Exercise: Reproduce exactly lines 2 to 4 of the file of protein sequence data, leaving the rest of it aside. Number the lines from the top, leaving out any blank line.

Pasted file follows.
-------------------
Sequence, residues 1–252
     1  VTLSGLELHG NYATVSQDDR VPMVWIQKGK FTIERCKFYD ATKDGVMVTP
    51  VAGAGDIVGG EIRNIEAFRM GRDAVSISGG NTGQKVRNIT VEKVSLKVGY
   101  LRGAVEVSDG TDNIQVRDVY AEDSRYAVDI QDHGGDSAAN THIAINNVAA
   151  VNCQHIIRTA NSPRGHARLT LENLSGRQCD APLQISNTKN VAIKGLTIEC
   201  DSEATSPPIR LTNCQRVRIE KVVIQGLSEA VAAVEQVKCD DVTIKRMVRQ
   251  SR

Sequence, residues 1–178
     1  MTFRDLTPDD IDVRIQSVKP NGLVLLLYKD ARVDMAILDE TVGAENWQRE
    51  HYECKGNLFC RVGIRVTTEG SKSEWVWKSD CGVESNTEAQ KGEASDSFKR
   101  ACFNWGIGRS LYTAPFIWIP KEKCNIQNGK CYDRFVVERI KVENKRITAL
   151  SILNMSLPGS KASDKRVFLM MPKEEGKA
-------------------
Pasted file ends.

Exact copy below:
     1  VTLSGLELHG NYATVSQDDR VPMVWIQKGK FTIERCKFYD ATKDGVMVTP
    51  VAGAGDIVGG EIRNIEAFRM GRDAVSISGG NTGQKVRNIT VEKVSLKVGY
   101  LRGAVEVSDG TDNIQVRDVY AEDSRYAVDI QDHGGDSAAN THIAINNVAA